Review: Sharp, witty 'Uncharted 3' succeeds in hero's latest quest

From a vast desert to historical chateaus, the scenes in "Uncharted 3" are beautifully rendered.

Story highlights

  • "Uncharted 3" follows Nathan Drake on another adventure that promises fortune and glory
  • The game's pace is quick and occurs over several different types of environments
  • Its combat has been fine-tuned but still seems uneven at times
  • Puzzles in the game are not that challenging, but they add to the story
With lessons learned from previous titles and a sense of finality to the franchise, "Uncharted 3: Drake's Deception" exceeds expectations with a wonderful storyline, dynamic action and witty dialogue from its characters.
The latest in the franchise from Naughty Dog, "Uncharted 3" returns to follow hero Nathan Drake on yet another historical adventure that promises fortune and glory but invariably involves a lot of danger. As in games past, Nathan is a treasure hunter who follows clues to find lost riches in far-off lands and gets help from other characters in his missions.
The game's storyline follows the path of "Seven Pillars of Wisdom," the T.E. Lawrence book that inspired the epic movie "Lawrence of Arabia." Amy Henning, the writer for the "Uncharted" series, pulls elements from Lawrence's book and weaves them into a stunning narrative about Nathan's search for a lost city called Iram of the Pillars.
Keith Guerrette, lead visual effects artist from Naughty Dog, said Henning really opened up the characters in the game and delves deeply into Nathan's past as well as his connections to his companions. While some of the story is told in flashbacks, it never feels disjointed or out of place and flows with the action in the game.
The pace, for the most part, is quick and occurs over several different types of environments. From a vast desert to historical chateaus, the scenes are beautifully rendered and help deepen the moment. There were a couple of missions that bogged down the story in places, but those were few and far between.
Many times, I felt like I was in an "Indiana Jones" movie. There were moments when the gameplay was very similar to what I've seen on the big screen. For example, one mission had me chasing after a caravan transporting my longtime friend, Victor Sullivan, through a narrow cavern in a scene that was reminiscent of "Raiders of the Lost Ark."
Like Dr. Jones, Nathan has to solve puzzles and use his journal to reference solutions. The puzzles were not extremely challenging once the clues in the journal were deciphered. There are other little touches that are Jones-esque, but they add to the story rather than taking away from it. The action is high adventure with a twist of humor and whimsy along the way.
The dialogue helps keep the mood light as character banter flows naturally and feels like what it is -- conversations between people who don't take themselves too seriously but have experienced life-changing events. There is humor, caring, concern and sarcasm that one would expect from longtime friends. It feels natural and gets the player emotionally involved.
"We've been building up to this one," Guerrette said. "We went in thinking, 'How can we take our tech and art and make them even better?' "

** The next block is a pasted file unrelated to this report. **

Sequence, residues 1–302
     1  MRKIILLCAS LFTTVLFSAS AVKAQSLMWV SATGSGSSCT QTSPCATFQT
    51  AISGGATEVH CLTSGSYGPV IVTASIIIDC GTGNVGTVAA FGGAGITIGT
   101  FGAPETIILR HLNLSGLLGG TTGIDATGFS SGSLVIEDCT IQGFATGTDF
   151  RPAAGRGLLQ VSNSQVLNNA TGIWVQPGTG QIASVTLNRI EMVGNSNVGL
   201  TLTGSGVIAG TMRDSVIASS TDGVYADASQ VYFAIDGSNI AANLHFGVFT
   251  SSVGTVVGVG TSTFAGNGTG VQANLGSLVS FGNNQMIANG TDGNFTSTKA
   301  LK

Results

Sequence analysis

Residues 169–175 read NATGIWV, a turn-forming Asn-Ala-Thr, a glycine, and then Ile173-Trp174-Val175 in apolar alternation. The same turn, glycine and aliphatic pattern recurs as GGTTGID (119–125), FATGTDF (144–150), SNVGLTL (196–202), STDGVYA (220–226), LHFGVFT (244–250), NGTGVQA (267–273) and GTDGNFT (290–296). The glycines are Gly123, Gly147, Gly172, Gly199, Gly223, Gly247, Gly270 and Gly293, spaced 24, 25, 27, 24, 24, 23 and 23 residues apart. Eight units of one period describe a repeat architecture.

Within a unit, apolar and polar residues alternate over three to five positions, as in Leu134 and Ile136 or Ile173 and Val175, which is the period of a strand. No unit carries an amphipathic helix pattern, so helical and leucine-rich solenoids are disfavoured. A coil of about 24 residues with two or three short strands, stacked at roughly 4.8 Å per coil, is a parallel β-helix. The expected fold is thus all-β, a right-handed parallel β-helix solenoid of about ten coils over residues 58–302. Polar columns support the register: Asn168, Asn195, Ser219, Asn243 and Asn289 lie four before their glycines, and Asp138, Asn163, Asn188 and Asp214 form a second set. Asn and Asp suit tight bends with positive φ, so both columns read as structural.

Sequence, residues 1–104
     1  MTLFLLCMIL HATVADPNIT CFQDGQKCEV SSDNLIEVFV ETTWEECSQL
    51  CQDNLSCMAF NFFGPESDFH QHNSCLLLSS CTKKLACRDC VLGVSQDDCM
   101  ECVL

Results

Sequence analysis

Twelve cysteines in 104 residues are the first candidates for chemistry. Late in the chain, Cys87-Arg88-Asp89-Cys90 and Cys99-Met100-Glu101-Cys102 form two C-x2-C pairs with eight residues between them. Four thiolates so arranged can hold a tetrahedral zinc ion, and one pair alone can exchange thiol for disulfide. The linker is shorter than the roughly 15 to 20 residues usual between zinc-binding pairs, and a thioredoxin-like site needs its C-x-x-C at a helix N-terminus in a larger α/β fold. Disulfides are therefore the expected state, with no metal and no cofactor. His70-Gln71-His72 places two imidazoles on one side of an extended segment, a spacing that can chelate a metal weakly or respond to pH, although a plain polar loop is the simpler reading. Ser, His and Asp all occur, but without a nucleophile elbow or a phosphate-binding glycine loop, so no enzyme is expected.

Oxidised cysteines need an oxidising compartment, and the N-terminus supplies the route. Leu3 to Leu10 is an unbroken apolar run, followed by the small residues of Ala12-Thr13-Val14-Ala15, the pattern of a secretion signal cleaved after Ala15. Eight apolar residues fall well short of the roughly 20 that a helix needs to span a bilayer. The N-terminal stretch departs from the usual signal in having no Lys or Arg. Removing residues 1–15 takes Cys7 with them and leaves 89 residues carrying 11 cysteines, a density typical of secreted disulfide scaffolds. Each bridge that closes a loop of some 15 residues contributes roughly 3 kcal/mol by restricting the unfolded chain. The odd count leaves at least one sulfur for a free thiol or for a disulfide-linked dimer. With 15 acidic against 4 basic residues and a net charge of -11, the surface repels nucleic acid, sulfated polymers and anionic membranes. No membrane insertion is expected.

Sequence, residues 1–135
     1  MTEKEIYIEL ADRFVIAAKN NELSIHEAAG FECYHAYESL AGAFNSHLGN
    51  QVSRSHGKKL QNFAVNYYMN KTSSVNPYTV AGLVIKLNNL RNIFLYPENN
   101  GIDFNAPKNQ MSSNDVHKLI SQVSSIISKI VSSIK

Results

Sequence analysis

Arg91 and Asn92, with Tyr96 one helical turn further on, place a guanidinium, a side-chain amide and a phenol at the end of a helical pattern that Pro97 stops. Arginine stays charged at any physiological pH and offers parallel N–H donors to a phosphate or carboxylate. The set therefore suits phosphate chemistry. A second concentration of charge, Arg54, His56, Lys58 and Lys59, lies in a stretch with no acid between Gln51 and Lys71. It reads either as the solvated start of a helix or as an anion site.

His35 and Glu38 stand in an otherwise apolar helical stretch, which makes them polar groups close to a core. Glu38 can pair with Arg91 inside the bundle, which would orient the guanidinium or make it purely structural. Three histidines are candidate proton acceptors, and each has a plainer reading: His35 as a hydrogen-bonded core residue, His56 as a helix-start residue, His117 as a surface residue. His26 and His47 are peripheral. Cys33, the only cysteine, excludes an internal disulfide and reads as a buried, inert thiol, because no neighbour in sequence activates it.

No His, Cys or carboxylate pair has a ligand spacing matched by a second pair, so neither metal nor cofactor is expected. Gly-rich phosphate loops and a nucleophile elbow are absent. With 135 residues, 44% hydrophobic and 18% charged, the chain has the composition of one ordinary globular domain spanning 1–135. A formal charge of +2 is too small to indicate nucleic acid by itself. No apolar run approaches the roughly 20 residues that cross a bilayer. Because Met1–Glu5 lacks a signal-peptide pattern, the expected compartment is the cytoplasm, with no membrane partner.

There are subtle effects in the environment, like shadows from a fire, ripples in water and disappearing footprints in sand. But the most dynamic action fills the screen during intense missions in which Nathan takes on his enemies while the background moves.
Much of Nathan's movement occurs along the sides and rooftops of buildings, like the "Assassin's Creed" games. That motion becomes more challenging when floors and walls are also moving around.
The game's combat has been fine-tuned but still seemed uneven at times. Guerrette said the development team worked hard to eliminate some of the cover problems that were evident in previous titles. Melee was improved (I enjoyed getting up close and personal with my enemies) and moving while firing is nearly mandatory.
Stealth has become a more effective tool in some missions. There was one mission, however, where I used stealth to eliminate all the bad guys and avoid raising the alarm -- only to discover two bandits guarding a door that I could not stealth kill. It was a little bit frustrating to work so hard on being stealthy when there was no way to avoid having to be obvious to advance.
Targeting specific areas on enemies also didn't seem to matter. There were times when I shot an enemy multiple times in the head before he would fall down. Yet it would take the same number of shots to an enemy's arm to get him to collapse.
Nathan can also throw back grenades that are tossed his way. The audio is funny, but the effects are devastating.
A split-screen co-op version (a fan request) offers a unique story with the chance to unlock multiplayer bonuses and skills. This version can be played either on or offline.
The multiplayer version also features improved cinematic techniques, boosters and the ability to upload great (or not-so-great) gameplay moments into social media platforms. A buddy system can be used for cooperative play in multiplayer mode, or you can go it alone during competitive play.
"Uncharted 3" is an outstanding adventure game that gives you a feature-film feeling. The environments are open and interactive. The story is unique and fresh. And the characters are portrayed in ways that make them feel real and emotional.
While developers wouldn't say if this was the final act for Nathan Drake, there are moments in the game that answer lingering questions from previous games. Those are the "aha" moments that put an extra shine on a wonderful game.
If this is the end, "Uncharted 3" provides a fitting conclusion with an immersive game that keeps players invested until the final treasure is obtained. Popcorn not included.